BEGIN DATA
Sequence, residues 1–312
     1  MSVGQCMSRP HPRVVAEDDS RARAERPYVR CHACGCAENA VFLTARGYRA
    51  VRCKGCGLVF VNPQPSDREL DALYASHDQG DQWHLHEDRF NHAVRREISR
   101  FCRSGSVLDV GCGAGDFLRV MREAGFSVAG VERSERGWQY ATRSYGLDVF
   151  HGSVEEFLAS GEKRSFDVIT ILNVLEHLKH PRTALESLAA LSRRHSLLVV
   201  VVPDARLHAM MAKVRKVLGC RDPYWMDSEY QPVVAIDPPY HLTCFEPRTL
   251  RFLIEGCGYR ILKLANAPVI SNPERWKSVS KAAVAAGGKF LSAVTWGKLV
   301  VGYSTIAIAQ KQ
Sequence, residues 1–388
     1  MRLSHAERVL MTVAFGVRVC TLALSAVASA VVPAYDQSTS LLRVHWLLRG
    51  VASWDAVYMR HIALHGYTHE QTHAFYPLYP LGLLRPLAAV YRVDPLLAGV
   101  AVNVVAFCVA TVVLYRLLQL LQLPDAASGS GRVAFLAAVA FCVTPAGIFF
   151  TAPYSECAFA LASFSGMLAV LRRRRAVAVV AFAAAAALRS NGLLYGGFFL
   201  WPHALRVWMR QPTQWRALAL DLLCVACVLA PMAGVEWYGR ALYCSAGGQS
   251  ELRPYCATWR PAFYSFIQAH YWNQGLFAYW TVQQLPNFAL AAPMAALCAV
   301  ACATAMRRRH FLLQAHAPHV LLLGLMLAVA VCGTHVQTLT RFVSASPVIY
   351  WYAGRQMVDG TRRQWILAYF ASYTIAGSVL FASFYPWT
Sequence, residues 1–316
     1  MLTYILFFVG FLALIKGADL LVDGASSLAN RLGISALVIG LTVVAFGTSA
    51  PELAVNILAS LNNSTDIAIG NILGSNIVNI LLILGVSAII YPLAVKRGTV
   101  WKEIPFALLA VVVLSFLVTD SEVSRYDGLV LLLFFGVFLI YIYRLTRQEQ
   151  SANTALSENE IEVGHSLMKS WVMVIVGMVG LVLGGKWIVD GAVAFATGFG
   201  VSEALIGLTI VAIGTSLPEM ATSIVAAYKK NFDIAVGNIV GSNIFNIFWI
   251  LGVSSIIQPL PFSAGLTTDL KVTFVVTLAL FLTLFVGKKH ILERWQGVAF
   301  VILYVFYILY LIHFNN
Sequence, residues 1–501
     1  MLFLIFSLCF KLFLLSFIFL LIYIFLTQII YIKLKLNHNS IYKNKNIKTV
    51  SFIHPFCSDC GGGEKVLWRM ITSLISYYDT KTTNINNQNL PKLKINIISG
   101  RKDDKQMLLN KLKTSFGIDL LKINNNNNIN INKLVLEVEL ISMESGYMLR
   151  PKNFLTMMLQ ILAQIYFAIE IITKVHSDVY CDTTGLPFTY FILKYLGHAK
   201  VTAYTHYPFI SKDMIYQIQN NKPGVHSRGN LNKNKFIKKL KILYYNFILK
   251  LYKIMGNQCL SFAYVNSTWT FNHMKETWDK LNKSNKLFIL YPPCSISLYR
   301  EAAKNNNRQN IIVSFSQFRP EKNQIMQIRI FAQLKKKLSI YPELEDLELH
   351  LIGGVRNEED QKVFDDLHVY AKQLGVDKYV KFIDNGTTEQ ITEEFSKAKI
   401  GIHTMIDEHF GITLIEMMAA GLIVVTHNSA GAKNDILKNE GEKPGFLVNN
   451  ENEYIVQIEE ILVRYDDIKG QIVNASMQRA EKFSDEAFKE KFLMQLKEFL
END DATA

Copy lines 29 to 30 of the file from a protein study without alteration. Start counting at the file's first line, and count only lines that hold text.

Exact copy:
   101  RKDDKQMLLN KLKTSFGIDL LKINNNNNIN INKLVLEVEL ISMESGYMLR
   151  PKNFLTMMLQ ILAQIYFAIE IITKVHSDVY CDTTGLPFTY FILKYLGHAK